The NAD recently determined that Euro-Pro could not support a claim that its Shark vacuum receives “more 5-star online reviews than any other vacuum brand.” To support the claim, Euro-Pro had looked at over 4,000 verified reviews on the websites of several major national retailers. Despite the number of reviews included in the analysis, the NAD determined that the data was still insufficient to support the broad claim.

Although Euro-Pro gathered review data from the top 85% of online retailers, the company actually based its claim on a much smaller subset of those reviews. For example, Euro-Pro did not include in its calculations reviews posted on Target, Best-Buy, or Costco websites because those sites did not indicate whether reviews could be verified as coming from actual purchasers. The company also excluded reviews from manufacturer websites because it was concerned about the reliability of those reviews. For example, Euro-Pro found that some reviews were incentivized by free products and was concerned that others could be manipulated or duplicated.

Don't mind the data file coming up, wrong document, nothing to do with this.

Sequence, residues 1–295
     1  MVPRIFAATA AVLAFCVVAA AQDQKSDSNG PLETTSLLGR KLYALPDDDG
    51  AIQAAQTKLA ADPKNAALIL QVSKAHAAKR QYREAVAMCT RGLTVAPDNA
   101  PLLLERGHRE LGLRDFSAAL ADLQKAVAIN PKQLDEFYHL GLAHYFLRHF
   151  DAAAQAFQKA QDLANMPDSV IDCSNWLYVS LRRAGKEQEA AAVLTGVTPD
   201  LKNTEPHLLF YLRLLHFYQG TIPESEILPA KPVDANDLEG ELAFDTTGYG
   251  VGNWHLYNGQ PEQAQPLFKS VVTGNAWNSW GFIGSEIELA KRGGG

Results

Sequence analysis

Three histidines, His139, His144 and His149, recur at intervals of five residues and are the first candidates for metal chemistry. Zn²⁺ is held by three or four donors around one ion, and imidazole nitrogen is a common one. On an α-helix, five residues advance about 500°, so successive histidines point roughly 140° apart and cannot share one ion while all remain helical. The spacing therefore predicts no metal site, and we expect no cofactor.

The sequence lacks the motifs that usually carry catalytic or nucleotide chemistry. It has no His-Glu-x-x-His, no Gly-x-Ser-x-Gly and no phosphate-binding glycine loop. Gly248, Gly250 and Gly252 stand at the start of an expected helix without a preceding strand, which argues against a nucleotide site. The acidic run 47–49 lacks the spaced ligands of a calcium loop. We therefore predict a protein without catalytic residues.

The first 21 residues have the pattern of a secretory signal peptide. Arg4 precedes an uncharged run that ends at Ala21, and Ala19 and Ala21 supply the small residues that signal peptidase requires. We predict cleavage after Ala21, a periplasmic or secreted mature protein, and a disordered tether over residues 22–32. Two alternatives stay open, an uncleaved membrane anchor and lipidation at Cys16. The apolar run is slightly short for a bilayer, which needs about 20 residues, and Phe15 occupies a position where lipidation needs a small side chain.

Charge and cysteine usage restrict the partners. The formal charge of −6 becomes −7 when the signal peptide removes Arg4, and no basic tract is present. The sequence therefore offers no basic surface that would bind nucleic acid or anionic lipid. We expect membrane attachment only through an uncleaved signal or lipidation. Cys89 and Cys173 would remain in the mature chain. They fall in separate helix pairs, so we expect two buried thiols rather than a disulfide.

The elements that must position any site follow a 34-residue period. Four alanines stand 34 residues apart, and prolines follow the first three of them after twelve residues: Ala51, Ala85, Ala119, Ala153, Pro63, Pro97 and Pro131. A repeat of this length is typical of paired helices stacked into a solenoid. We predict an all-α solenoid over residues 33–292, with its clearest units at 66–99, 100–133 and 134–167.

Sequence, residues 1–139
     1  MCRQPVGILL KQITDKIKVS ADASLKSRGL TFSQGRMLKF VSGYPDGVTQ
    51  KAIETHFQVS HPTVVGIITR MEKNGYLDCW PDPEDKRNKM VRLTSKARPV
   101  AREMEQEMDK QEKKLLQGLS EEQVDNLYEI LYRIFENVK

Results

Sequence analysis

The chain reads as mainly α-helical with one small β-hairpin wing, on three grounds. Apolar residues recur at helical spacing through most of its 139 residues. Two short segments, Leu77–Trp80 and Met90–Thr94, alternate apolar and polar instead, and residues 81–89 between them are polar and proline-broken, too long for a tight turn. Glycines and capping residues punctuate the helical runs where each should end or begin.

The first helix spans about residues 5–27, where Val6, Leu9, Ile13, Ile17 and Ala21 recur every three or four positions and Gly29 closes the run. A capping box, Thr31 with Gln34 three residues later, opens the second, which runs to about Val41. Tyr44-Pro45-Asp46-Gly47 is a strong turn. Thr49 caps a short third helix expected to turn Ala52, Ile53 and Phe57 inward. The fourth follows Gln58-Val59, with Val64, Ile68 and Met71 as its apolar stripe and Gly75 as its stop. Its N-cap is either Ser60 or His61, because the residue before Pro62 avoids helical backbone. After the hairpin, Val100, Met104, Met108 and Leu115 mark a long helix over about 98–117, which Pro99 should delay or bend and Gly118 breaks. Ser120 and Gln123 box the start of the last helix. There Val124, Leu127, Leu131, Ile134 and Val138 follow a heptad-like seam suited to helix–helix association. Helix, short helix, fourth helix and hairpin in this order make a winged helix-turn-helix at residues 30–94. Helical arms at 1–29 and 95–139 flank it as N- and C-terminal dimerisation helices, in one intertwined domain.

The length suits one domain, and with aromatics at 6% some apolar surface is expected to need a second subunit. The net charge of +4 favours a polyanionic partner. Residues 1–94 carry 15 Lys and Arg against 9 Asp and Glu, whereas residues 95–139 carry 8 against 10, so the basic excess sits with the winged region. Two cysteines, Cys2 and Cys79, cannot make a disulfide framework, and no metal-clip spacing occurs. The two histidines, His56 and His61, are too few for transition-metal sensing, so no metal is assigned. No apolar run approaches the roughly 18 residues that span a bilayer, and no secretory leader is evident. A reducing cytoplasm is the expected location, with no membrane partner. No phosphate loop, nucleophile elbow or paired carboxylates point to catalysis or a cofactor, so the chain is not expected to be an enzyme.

The NAD recognized that it may be difficult to parse through reviews and that advertisers may be left in a “Catch-22” situation. Including non-verified reviews could affect the reliability of the data, while excluding them could affect representativeness of the data. Nevertheless, this difficulty “does not relieve an advertiser from its obligation to provide appropriate and reliable substantiation for its advertising claims.” In this case, the NAD determined that by taking an all-or-nothing approach when deciding whether to include reviews from a certain website, Euro-Pro “materially undermined the reliability” of its calculations. Importantly, the NAD cautioned that “advertisers cannot base claims on tenuous evidence, simply because sufficiently reliable evidence is too difficult to collect.”

This isn’t the first case in which the NAD has considered the issue of crowdsourced reviews. As we wrote last year, the NAD had previously determined that reviews collected from retailer websites were insufficiently representative or reliable to support Euro-Pro’s “America’s Most Recommended” claim. In both decisions, the NAD stressed that it is not suggesting that no claim could be supported by crowdsourced data. Nevertheless, the decisions suggest that advertisers may face an uphill battle when trying to do so.